Shares in cancer-fighting biotech Immutep (ASX:IMM) have risen to eight-month highs today, on the back of positive interim data from its phase II clinical trial in patients with non-small cell lung cancer (NSCLC).

Immutep is testing whether a combination of its drug eftilagimod alpha, also referred to as IMP321 or more affectionately “efti”, with Merck’s KEYTRUDA drug, can help patients with NSCLC in first and second line or second line head and neck squamous cell carcinoma (HNSCC).

And early results of the trial are positive — there has been a 41 per cent response rate from the first stage of the first part of the trial, which compares favourably to standard care treatments.

The TACTI-002 phase II trial will treat up to 109 patients, and so far has treated 17, with 71 per cent of those patients continuing therapy.

The news boosted IMM shares by 9 per cent to 31c, their highest point since the end of March.

“The response rate compares favourably to other standard of care treatments available for NSCLC first-line patients, specifically single agent pembrolizumab or doublet chemotherapy,” Dr Frederic Triebel, Immutep’s chief scientific officer, said.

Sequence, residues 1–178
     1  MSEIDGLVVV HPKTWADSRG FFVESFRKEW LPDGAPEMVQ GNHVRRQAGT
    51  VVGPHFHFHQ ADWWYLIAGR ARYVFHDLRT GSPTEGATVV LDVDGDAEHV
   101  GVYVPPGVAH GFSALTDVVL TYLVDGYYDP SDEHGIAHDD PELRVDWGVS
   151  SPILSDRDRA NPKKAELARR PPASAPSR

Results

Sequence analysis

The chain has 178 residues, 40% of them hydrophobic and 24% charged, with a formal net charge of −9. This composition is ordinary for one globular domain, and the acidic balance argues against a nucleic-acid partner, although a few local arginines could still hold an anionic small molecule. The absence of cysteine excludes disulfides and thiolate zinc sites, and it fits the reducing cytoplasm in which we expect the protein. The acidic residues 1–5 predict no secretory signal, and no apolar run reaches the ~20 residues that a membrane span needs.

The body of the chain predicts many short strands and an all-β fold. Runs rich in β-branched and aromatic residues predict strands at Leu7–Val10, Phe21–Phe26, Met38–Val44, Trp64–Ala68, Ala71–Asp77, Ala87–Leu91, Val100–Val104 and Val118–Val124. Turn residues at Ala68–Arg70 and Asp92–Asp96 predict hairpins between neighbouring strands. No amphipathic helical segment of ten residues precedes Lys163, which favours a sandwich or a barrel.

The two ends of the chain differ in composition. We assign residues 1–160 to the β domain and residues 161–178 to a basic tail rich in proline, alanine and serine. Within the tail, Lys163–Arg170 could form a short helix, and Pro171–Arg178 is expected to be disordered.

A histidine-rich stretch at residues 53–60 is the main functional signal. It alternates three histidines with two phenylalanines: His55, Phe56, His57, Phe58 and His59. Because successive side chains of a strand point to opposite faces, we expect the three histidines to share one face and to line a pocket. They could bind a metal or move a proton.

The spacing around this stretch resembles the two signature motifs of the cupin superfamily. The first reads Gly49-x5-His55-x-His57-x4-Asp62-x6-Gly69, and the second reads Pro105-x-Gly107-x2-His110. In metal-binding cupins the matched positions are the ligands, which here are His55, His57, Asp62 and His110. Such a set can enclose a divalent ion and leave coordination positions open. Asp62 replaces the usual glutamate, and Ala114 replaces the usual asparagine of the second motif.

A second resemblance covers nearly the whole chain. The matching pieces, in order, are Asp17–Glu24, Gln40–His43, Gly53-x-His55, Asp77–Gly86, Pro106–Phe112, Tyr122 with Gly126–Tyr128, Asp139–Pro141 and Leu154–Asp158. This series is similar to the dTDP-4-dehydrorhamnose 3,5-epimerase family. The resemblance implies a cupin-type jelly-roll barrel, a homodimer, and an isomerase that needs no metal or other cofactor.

“As treatment continues, we are hopeful that patients with this highly aggressive tumour will continue to benefit from the combination therapy, even though some patients are just at an earlier stage of treatment.”

Stockhead has sought further comment from the company. Patient recruitment continues, and Immutep says “more mature data” will be released by March next year.

Read more:

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Health: Immutep bounces off decade-long lows thanks to cash from GSK

Japanese AI found a cancer vaccine and Immutep’s ‘efti’ drug has been chosen for the trials


In more ASX health news today:

One in, one out of the ASX200. Dow Jones has rejigged the Standard & Poor/ASX 200 index, removing aged care provider Aveo Group (ASX:AOG), and adding skin restoration biotech Avita Medical (ASX:AVH). “It is a testament to our solid growth trajectory following our US commercialisation,” Avita CEO Dr Mike Perry said.